The other vessel was the "Florida", in the final hours of her ten-day journey carrying 850 passengers--most of them survivors of the earthquake in Sicily--to a new life in America. Twenty-eight-year-old Angelo Ruspini was making his second transatlantic crossing as the "Florida's" captain. "The 'Republic's' form materializes out of nowhere," says historian Charles Haas. "Captain Ruspini realizes that something is drastically wrong, and there isn't any way of avoiding it." At 5:47 on the morning of January 23, the ships collided. The impact crushed "Florida's" bow like a broken nose, but she was less damaged than the "Republic", which began to sink at the rate of one foot an hour. Young Hallie Davis recalled: "In about five minutes a man in charge of the stateroom came with a candle, and we dressed hurriedly, and all went on deck. This was the last we ever saw of our staterooms, our baggage and my teddybear." The "Republic's" passengers were transferred to the "Florida", where Captain Ruspini had to use extremely forceful measures to quell threats of rioting.

Meanwhile, it would take Jack Binns nearly an hour to make his way several decks below to retrieve the auxiliary batteries that would allow him to operate his equipment and contact the wireless station on Nantucket, forty-seven miles away. Binns transmitted a message from Captain Sealby that opened with the letters C-Q-D, code for "seeking you--danger!" His urgent tappings marked the first real test of wireless to effect a rescue at sea.

Over the next twenty-four hours, Binns fought the bitter Atlantic cold, transmitting message after message, listening to see if any ships had picked up the "Republic's" distress call. Upon learning that a White Star sister ship, the "Baltic", was within sending range, his next message read, "I'm on the job, but the ship is sinking faster."

Binns left his wireless equipment to stand on the "Republic's" deck, in the hopes of hearing bombs the "Baltic" was setting off to indicate her position. "He heard it," says Binns granddaughter, Virginia Utermohlen, "because his ear was so strained to faint sounds coming through the telegraph he could actually tell where the "Baltic" was and what direction it was". Binns ran back to the wireless cabin and relayed steering instructions to the "Baltic." "The last letter had scarcely sputtered out by the wheezy spark," he later wrote, "when the lights of the "Baltic" loomed up. It was the grandest sight that tired eyes ever saw!"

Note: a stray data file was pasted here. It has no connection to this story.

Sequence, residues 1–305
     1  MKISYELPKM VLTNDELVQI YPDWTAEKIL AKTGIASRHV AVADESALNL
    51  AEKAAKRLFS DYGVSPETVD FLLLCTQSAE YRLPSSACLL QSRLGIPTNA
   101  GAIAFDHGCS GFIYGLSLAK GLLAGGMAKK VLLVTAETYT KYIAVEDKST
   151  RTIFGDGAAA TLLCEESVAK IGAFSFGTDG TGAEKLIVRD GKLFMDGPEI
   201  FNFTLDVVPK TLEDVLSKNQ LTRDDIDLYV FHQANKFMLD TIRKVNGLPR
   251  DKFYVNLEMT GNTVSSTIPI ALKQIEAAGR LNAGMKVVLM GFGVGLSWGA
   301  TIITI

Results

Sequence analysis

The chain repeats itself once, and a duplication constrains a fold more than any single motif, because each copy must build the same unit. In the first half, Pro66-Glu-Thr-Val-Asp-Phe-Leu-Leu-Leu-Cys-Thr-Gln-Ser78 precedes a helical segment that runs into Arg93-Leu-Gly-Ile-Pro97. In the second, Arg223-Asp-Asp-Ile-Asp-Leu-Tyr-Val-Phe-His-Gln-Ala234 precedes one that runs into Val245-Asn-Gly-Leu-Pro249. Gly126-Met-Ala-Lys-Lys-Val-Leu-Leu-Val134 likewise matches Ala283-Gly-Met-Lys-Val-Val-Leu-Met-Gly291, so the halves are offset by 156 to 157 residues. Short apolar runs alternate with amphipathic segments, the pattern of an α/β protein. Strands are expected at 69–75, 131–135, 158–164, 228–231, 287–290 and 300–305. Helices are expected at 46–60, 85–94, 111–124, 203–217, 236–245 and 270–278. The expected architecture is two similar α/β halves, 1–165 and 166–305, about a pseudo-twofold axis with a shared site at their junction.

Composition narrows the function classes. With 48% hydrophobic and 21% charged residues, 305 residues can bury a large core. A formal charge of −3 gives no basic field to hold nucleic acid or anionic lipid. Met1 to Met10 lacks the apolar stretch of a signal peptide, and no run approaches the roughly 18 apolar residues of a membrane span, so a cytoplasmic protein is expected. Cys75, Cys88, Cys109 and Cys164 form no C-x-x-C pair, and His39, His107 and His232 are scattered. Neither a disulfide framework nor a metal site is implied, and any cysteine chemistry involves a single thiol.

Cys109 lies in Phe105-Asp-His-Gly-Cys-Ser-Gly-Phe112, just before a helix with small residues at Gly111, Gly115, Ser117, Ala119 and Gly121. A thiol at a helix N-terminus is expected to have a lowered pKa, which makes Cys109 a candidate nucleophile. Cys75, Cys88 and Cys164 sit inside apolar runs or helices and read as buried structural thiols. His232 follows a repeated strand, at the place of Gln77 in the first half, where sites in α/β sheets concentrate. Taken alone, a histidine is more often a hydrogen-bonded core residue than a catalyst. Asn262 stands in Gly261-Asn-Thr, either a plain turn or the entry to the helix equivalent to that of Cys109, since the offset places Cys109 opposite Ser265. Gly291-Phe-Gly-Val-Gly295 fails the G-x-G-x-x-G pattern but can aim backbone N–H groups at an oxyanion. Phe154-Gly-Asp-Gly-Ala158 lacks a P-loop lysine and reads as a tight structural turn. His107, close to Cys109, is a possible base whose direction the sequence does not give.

It took eighty-three boatloads to ferry the more than 1,500 passengers and crew of the "Republic" to the "Baltic". Never before had so many people been transferred on the high seas without a single loss of life. By Sunday morning, they were done. Two more rescue ships arrived and tried to tow the "Republic", but it was obvious to Binns the ship was lost. From the rescue boat, Binns relayed his last message: "White Star Line, New York. "Republic" sunk. All hands saved." America had discovered a new hero.

Binns became an instant celebrity. He was offered contracts to perform vaudeville, mobbed by chorus girls at the Hippodrome, and became the subject--much to his chagrin--of a movie short. What he wanted was a federal law requiring wireless on ships, but his testimony before Congress was ignored. In April 1912, Binns was assigned the wireless post on another White Star Liner, the "Titanic." Personal circumstances intervened; he had fallen in love. More than 1,500 lives were lost on the "Titanic," the same number that, three years earlier Jack Binns had helped to save.